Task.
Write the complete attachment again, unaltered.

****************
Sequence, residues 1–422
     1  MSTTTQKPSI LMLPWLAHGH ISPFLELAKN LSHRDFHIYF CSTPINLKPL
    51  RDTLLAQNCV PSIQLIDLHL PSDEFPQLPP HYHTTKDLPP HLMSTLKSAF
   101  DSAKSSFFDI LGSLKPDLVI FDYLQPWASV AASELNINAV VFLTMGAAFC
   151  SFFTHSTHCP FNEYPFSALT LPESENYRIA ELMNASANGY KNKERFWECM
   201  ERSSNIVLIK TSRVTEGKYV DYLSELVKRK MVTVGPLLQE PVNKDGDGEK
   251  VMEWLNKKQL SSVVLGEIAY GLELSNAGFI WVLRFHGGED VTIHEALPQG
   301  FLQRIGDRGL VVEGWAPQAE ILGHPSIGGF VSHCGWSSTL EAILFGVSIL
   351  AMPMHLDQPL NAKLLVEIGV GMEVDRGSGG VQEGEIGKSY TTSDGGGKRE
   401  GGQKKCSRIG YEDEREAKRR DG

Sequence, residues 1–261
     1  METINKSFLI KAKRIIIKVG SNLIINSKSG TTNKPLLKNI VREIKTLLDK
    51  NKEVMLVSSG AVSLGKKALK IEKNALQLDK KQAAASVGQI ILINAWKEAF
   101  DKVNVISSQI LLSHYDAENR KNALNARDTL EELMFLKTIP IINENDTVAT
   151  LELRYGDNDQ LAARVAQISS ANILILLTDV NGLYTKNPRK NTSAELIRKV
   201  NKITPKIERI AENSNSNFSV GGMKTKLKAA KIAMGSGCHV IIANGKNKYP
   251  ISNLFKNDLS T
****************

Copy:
Sequence, residues 1–422
     1  MSTTTQKPSI LMLPWLAHGH ISPFLELAKN LSHRDFHIYF CSTPINLKPL
    51  RDTLLAQNCV PSIQLIDLHL PSDEFPQLPP HYHTTKDLPP HLMSTLKSAF
   101  DSAKSSFFDI LGSLKPDLVI FDYLQPWASV AASELNINAV VFLTMGAAFC
   151  SFFTHSTHCP FNEYPFSALT LPESENYRIA ELMNASANGY KNKERFWECM
   201  ERSSNIVLIK TSRVTEGKYV DYLSELVKRK MVTVGPLLQE PVNKDGDGEK
   251  VMEWLNKKQL SSVVLGEIAY GLELSNAGFI WVLRFHGGED VTIHEALPQG
   301  FLQRIGDRGL VVEGWAPQAE ILGHPSIGGF VSHCGWSSTL EAILFGVSIL
   351  AMPMHLDQPL NAKLLVEIGV GMEVDRGSGG VQEGEIGKSY TTSDGGGKRE
   401  GGQKKCSRIG YEDEREAKRR DG

Sequence, residues 1–261
     1  METINKSFLI KAKRIIIKVG SNLIINSKSG TTNKPLLKNI VREIKTLLDK
    51  NKEVMLVSSG AVSLGKKALK IEKNALQLDK KQAAASVGQI ILINAWKEAF
   101  DKVNVISSQI LLSHYDAENR KNALNARDTL EELMFLKTIP IINENDTVAT
   151  LELRYGDNDQ LAARVAQISS ANILILLTDV NGLYTKNPRK NTSAELIRKV
   201  NKITPKIERI AENSNSNFSV GGMKTKLKAA KIAMGSGCHV IIANGKNKYP
   251  ISNLFKNDLS T